Pete had the brilliant idea of going to the top of the nearby Hyatt Regency Hotel to sketch the view from above. We tried to go to the top floor (17) but the elevator would only take us to 14. We met a bellman on 14 and he said you had to have a key card to get there. I brazenly asked if he had one and he said yes. “Could you take us there?” I asked. He opened the door and swiped his card and sent us on up. What a sweetie! I wish I’d thought to tip him.
When we got off the elevator a gentleman informed us that the 360 degree-view-Regency Lounge was only for Regency Members and asked if we were members. I said no, but asked if we could just look at the view and draw pictures. He asked “For how long?” and I said “Oh, about 10-15 minutes” and he said OK. We were there for nearly an hour and nobody bothered us. We did tip him when we left and he invited us to help ourselves to any of the complimentary food and beverages but we declined.
Sonia and I were hungry so while Pete started sketching a cable car we bought lunch at a deli across the street. We ate sitting at a bus stop, the only seats around. People kept coming up to us and asking about buses. Then I tried sketching the cable car and the hill it goes up and down. I was doing pretty good until I somehow planted a street light in the path of the street car.
Heading north, Pete sketched an old German hofbrau that didn’t inspire me (though his sketch did, which I will link to when he posts it) so I drew him from across the street, sitting on his stool in front of McDonalds.
I was tired and about ready to call it a day but managed one more sketch. I was more interested in the almost spiral staircase, the shadows, and odd architecture than the mannequins in their jungle print undies. I’m not a fan of the Victoria’s Secret brand or their ads and I think maybe it shows in the way I subconsciously made the mannequins look like they were giantesses, trapped in the store window and trying to get out.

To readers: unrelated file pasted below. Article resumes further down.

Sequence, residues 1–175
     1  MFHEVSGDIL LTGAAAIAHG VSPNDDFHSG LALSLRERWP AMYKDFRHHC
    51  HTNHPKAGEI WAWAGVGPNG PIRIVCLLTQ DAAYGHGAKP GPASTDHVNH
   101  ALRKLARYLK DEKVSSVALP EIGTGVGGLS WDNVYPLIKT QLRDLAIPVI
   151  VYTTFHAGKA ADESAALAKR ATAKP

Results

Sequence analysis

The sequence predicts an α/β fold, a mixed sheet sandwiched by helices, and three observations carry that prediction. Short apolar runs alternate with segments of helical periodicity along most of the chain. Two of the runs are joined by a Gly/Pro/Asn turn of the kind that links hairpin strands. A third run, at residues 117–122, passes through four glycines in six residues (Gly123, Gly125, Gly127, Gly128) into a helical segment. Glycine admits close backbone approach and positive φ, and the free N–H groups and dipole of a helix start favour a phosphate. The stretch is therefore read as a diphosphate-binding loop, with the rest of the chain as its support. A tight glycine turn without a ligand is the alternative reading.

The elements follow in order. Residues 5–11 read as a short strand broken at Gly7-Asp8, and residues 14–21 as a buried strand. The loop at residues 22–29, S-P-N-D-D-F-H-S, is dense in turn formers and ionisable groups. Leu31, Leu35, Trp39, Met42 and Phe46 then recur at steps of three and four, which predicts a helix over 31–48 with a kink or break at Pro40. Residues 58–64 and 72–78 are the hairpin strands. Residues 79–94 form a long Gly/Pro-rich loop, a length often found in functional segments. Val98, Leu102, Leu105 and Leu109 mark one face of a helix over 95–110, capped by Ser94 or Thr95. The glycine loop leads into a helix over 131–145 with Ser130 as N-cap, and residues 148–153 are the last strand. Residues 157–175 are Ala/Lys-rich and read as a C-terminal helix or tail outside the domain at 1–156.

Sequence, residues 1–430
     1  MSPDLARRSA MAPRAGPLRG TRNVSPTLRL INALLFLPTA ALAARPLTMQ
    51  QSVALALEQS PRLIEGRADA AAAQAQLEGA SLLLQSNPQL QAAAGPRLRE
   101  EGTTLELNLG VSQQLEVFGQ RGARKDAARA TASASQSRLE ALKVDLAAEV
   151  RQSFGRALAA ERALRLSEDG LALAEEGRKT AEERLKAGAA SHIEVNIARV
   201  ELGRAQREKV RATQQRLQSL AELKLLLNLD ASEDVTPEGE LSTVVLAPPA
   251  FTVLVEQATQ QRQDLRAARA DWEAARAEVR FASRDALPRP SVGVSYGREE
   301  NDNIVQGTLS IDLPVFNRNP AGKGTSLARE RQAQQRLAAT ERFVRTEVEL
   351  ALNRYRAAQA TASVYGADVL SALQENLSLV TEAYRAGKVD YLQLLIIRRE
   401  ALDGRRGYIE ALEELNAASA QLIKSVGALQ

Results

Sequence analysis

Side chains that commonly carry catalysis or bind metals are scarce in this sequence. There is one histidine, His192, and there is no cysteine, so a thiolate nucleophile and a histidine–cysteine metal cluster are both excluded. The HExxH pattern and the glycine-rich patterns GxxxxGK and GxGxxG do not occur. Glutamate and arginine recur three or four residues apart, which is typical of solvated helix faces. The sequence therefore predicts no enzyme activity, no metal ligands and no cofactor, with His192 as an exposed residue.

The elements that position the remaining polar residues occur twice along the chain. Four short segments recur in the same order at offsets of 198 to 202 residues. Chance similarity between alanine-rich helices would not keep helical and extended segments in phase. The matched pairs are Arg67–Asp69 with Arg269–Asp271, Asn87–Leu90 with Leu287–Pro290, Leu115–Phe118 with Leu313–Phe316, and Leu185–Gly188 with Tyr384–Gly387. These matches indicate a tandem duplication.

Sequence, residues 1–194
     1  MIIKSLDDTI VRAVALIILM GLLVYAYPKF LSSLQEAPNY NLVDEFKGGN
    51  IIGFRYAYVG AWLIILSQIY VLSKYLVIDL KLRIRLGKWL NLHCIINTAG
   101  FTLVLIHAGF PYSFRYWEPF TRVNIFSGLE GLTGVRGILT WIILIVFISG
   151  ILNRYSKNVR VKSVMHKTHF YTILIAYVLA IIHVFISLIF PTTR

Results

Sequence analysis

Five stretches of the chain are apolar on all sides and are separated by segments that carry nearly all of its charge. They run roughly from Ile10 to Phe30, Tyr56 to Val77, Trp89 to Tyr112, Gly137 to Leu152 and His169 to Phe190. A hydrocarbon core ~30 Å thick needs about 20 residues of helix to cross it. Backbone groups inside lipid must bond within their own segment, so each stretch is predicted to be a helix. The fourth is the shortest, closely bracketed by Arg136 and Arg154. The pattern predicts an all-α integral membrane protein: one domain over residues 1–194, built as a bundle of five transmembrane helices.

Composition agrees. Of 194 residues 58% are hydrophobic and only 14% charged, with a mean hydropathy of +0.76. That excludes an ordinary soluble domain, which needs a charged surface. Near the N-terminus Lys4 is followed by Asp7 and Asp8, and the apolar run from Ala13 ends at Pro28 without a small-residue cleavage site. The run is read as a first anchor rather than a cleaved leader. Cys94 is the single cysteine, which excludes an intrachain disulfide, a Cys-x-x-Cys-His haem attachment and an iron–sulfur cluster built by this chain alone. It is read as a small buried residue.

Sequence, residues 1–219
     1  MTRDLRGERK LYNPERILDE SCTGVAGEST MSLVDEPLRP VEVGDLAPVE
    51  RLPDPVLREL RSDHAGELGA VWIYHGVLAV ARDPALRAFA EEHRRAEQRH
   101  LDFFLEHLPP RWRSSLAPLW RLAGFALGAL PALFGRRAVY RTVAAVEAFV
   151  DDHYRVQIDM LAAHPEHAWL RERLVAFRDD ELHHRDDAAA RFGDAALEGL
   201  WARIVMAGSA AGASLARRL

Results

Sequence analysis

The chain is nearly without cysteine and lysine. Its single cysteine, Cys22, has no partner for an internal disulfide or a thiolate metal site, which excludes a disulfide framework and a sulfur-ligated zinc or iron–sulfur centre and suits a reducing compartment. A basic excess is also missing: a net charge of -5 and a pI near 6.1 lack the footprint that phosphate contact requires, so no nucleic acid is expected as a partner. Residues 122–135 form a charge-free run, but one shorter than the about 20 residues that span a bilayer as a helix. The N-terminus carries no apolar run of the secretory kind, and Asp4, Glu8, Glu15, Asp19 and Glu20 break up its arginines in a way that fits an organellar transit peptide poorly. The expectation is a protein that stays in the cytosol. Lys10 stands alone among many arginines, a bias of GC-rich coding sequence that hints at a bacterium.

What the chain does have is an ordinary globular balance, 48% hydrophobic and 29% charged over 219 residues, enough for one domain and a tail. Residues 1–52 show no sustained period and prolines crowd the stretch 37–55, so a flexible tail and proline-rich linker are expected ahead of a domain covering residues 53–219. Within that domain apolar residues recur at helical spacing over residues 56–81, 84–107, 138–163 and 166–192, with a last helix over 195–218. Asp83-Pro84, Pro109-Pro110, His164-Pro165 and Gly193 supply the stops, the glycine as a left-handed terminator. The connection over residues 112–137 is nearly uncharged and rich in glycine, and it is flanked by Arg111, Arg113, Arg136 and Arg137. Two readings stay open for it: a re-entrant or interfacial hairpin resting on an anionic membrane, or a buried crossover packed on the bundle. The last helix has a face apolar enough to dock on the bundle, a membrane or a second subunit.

It was 4:00 and although the end-of-Sketchcrawl meetup was happening at 4:30 in Union Square I decided to just go home and relax rather than head towards more crowds. It was a great day!
Warm sun, green hills, blossoming trees and a great Peet’s cappuccino to sip at an outdoor table while sketching was made even better by a pen that actually worked in my sketchbook. After struggling to find a pen that would not skip, scratch, smear, show through or bleed on the Arches 90 lb cold press paper I’d bound in my journal, I discovered that my Lamy Safari fountain pen was just right.
All of the pens I normally use were giving me problems. The Sakura Pigma Micron skipped, scratched over the textured paper when drawing, and was even worse for writing in the journal, whether I used my favorite .01 or a fatter-tipped .05.
I tried using an Ultra-Fine Point Sharpie since it would at least produce a strong line (above). But I found that the ink flowed too quickly, bleeding and spreading if held in one spot and worse, showed through to the other side. I also tried the Pitt Artist Brush Pen on this page, which worked OK but was a thicker line than I like for general sketching. The black ink in the finer-point Pitts seemed paler than the Microns, but it might also be that they resist the sizing on the paper more.
Prismacolor Illustration pens are similar to the Sakura Pigma Micron and Pitt Artist Pens and are very nice and comfortable to hold. But they too performed poorly on the Arches CP. In the sketch above I was trying to do a contour drawing of what I saw on the BART train but my lines were barely visible until I redrew them with a Sharpie.
Then I tested my Lamy Safari F-point fountain pen and was delighted to see that it was a pleasure to write and draw with on the Arches CP paper.
I’d last filled the Safari with Noodlers Black Bulletproof ink, which is supposed to be waterproof but actually bleeds a fair amount when a wash is applied after it’s dry. I used a dip pen to test Platinum Carbon Ink and it held up better, barely bleeding at all.